Sunday, September 4, 2016

Les Miserables (1978) Review:

When it comes to all things France related, there aren't too many mainstream stories that have been told and retold again in American cinema. The French Revolution, parts of World War II and even fantasy stories like Disney's Beauty and the Beast (1991) all take place in France. But from as it seems, the most popular of these French stories belong to Victor Hugo's novel of the same name Les Miserables. So far this book has had five major film adaptations; four of which were feature length movies, while another was a mini-series. The two latest adaptations were theatrically released while the second in line was a TV movie release. The difference in years between releases may be a long period (two decades), but the story wasn't drastically varied. The only noticeable change in presentation is having the knowledge of its production date. Knowing it was produced in the late 1970s gives it a much more dated viewing experience. Nonetheless, the story is worth the time to see.

"I'm just a woodcutter...."
As the title would suggest, the plot to this movie is about Les Miserables or "the miserables", "the poor ones" etc. Living in France during 1796, a broke innocent woodcutter named Jean Valjean (Richard Jordan) steals a loaf of bread in order to feed his sister and her children. Not long after being caught by the authorities, Valjean is sent to Toulon to carry out his five-year sentence. In charge of the Toulon camp is the heavy handed Javert (Anthony Perkins), who ends up becoming acquainted with Valjean very quickly and their rivalry percolates into the next thirty years. With time passing before his eyes, Valjean becomes bitter against humanity but realizes his error when a bishop (Claude Dauphin) displays an act of kindness towards him. Determined to live every moment by caring for others, Valjean becomes utterly the opposite of what he once was. Headed by Glenn Jordan (a veteran TV Movie director) and written by John Gay, this film looks dated but still has a significant amount of storytelling.

The development of Jean Valjean is intriguing enough to see play out when looking at his humble beginnings. Over time, Valjean becomes a grizzled man who finds himself being more of an early Hudini than a woodcutter. Even at an elderly age, somehow Valjean finds a way of getting around; that's impressive. Richard Jordan as Valjean doesn't disappoint either. Jordan is one those serious actors who always play his role like it were his own. Along his travels he adopts a widow's daughter named Cosette (Caroline Langrishe) and raises her as his own. Angela Pleasence, the daughter of Donald Pleasence, plays the widow. The part that Cosette plays as to her stepfather isn't as prominent, but she does bring about some compelling situations between Valjean and the ever-vigilant Javert. Speaking of which, Anthony Perkins as Javert is credible too. Although he stands like a giant mast, Perkins can be very intimidating as the lead inspector. He really makes things run like clockwork. By far the best chemistry is seen between Perkins and Jordan.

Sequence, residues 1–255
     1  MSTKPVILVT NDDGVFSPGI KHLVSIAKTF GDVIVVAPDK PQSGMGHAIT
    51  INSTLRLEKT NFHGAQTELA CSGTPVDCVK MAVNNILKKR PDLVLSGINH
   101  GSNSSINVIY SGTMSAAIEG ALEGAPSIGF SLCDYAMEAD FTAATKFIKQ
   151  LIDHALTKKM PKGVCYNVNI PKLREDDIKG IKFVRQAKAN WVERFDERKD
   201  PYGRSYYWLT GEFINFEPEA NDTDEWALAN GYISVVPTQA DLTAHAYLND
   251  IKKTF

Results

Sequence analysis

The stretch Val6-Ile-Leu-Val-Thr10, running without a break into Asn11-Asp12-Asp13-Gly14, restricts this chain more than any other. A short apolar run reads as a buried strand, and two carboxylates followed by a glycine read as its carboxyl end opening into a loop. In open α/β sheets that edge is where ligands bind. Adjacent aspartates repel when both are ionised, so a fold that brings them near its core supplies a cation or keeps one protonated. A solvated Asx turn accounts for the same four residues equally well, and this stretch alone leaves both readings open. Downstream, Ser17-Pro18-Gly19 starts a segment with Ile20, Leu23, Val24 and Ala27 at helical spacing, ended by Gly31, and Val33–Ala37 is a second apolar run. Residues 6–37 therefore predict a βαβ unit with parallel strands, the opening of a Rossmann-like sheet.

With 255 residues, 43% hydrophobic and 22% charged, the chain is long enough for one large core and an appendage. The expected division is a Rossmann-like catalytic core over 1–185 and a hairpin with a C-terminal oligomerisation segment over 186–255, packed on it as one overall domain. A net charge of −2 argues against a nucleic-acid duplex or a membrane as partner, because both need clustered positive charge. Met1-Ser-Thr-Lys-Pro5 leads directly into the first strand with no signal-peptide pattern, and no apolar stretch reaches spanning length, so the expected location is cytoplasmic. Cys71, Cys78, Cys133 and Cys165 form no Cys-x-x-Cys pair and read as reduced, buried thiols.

The odd thing is the relationship that Javert and Valjean have reminisced to that of Batman and The Joker from Christopher Nolan's The Dark Knight (2008). Except this time, the roles and personalities are switched. Valjean is the miscreant who makes Javert's world a chaos to deal with. Yet Valjean's ideals are more unpretentious than say The Joker's. Javert on the other hand resembles that of Batman, wanting order and will stop at nothing to catch Valjean. The parallels are undeniable. It is a little baffling though to see actors playing French characters and not sounding anywhere close to the accent. Saying monsieur doesn't make you entirely French. The other problem that arises is the forced love interest between Cosette and a rebel named Marius (Christopher Guard). All these two characters do is stare at each other once or twice and they both know they're in love. It's certain that most audiences will not buy into this notion and completely believe that. Rarely do individuals know each other are meant to be by just staring.

Anthony Perkins as Javert
When it comes to visuals, the scenery isn't always clear. However, since this took place way before CGI was implemented into film, all props were undoubtedly physical objects. That covers sets and various historical pieces of the time. A lot of the old structures look appropriate taking the setting into account. The cinematography was shot by Jean Tournier, a native Frenchman (gasp!). Like stated before, although there are some darker than normal scenes, the scenes do cover enough to have the viewer comprehend the surroundings of the main leads. That also means even without a widescreen view. The musical score composed by Allyn Ferguson is another memorable element. Sadly there was no official release of the music but the theme is quite endearing. Relying mostly on the strings, Ferguson's main theme to this adaptation consistently appears whenever Valjean is on screen pointing out that the story revolves around him. Surprisingly, that's all the music needed. It would've been nice to have other cues but it's fine anyway.

The fact that the actors weren't directed to have a more authentic French accents and the main character's step daughter having a forced love interest are the only true crimes to this book adaptation. The actors, music, camerawork and especially the writing make this a special story to witness.

Points Earned --> 7:10

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